“This is territory that is still very contested,” said Lake, regarding whether instructors can “pay the penalty” for certain misconduct offenses and return to campus. “Institutions are caught in the middle of this, trying to balance what to do. There are no clear national standards on this, no obvious objective metric, no standard everyone agrees on.”
While he understands students’ need to know “if there is a danger lurking and they are unaware,” Lake likened a list of faculty with misconduct histories to a sex offender registry on campus – one that could lead to defamation claims or expand to include other misdeeds, from DUIs to battery, assault and weapons offenses.
Protesters said information and rumors about their teachers already spread through whisper networks and that the school could offer accurate facts and context about why certain professors are allowed in the classroom.
A summary, investigations show 11 employees found to have violated sexual misconduct-related policies between 2013 and 2017, including Sarkar, the lone professor on the list. Of the remaining employees, four were terminated, three were not rehired and one resigned. UT is expected to release a more current catalogue, spanning to the present, within two weeks upon submitted public information requests.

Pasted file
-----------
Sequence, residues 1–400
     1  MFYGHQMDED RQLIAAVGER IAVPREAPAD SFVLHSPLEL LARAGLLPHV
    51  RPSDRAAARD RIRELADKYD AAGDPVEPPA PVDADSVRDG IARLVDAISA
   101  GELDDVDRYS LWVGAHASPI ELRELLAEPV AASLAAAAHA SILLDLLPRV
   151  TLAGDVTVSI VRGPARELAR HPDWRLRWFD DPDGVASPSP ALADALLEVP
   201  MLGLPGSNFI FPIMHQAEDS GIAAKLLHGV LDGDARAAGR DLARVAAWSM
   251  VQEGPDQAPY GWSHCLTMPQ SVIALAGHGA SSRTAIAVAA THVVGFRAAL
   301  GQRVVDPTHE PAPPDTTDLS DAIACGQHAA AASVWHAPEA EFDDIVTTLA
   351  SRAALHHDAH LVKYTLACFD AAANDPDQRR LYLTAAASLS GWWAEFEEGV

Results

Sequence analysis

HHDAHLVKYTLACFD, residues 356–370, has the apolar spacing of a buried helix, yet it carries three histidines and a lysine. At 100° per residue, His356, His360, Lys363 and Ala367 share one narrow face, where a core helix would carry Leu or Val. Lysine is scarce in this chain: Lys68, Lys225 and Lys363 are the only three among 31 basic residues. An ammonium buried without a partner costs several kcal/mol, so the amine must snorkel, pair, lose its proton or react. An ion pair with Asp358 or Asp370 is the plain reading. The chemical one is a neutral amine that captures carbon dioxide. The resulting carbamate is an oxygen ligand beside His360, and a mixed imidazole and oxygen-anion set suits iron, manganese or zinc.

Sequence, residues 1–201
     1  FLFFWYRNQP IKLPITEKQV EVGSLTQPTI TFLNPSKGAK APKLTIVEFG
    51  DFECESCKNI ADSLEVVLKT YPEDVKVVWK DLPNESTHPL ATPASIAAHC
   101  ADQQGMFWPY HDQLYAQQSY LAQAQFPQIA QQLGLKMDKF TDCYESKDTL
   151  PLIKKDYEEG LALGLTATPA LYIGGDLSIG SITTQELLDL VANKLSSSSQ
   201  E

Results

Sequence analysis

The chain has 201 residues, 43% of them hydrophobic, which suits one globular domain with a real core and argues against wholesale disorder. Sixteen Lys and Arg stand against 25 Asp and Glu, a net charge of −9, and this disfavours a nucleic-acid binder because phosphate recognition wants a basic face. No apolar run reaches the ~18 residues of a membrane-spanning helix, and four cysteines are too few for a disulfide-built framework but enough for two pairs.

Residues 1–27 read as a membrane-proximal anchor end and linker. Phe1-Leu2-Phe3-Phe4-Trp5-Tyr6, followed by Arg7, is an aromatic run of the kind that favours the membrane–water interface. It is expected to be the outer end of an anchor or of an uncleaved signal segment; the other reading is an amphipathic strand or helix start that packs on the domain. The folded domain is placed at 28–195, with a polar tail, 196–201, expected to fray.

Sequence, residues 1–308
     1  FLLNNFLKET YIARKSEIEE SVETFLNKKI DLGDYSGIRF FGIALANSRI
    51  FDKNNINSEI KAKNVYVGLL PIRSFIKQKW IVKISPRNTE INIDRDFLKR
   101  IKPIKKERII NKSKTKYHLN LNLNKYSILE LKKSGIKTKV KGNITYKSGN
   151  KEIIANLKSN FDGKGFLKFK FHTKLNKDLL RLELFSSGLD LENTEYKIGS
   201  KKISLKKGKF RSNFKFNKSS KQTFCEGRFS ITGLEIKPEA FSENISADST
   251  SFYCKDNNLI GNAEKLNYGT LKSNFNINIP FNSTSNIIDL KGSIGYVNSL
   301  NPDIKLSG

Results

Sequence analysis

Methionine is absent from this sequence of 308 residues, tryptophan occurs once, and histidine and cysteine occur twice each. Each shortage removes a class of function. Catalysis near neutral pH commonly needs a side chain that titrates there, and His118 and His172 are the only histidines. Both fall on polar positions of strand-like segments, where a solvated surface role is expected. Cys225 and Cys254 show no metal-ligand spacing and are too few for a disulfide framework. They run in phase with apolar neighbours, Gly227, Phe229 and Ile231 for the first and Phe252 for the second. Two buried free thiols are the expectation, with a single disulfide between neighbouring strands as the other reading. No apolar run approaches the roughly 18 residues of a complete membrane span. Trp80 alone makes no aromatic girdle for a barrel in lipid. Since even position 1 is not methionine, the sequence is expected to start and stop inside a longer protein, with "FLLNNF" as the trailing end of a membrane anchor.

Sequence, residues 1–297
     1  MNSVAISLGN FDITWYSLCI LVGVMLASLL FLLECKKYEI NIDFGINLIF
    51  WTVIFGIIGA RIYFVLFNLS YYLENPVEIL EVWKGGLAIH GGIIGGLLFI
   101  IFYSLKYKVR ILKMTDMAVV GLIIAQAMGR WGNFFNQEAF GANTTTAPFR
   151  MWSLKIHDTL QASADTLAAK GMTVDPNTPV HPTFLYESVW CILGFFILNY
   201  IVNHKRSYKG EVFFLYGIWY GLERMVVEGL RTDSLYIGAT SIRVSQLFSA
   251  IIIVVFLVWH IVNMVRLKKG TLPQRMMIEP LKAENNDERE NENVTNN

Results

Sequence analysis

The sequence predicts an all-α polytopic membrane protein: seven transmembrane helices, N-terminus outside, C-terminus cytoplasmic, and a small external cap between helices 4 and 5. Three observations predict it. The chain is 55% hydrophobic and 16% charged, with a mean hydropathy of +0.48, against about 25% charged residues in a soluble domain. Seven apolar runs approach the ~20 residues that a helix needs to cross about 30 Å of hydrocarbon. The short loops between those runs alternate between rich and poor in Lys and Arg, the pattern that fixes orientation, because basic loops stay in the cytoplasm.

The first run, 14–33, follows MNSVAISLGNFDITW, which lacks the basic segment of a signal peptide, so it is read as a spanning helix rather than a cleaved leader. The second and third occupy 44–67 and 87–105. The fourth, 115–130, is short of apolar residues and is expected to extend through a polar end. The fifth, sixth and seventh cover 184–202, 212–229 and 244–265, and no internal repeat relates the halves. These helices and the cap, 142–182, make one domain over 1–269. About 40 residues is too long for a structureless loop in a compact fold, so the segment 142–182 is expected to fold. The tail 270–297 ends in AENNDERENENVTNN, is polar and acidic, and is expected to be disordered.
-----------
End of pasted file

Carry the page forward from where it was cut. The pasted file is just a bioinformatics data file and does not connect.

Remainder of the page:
Bakre said the working group and the external law firm would look into the request that violators’ names be proactively published, rather than released through the open records process.
UT officials have also committed to posting misconduct statistics more frequently, going beyond the mandates of a new state law that requires universities to publish the information annually.
“UT takes all allegations of misconduct and assessing potential threats to student safety extremely seriously. Our processes surrounding misconduct are thorough, fair, and of the utmost importance to our mission,” Bakre said. “We will continue partnering closely with student leadership and other campus stakeholders to find solutions to these issues.”
Disclosure: The University of Texas at Austin has been a financial supporter of The Texas Tribune, a nonprofit, nonpartisan news organization that is funded in part by donations from members, foundations and corporate sponsors. Financial supporters play no role in the Tribune’s journalism. Find a complete list of them here.
This article was first published at https://www.texastribune.org/2019/12/05/students-protest-handling-ut-austin-sexual-misconduct-cases/ by The Texas Tribune. The Texas Tribune is proud to celebrate 10 years of exceptional journalism for an exceptiona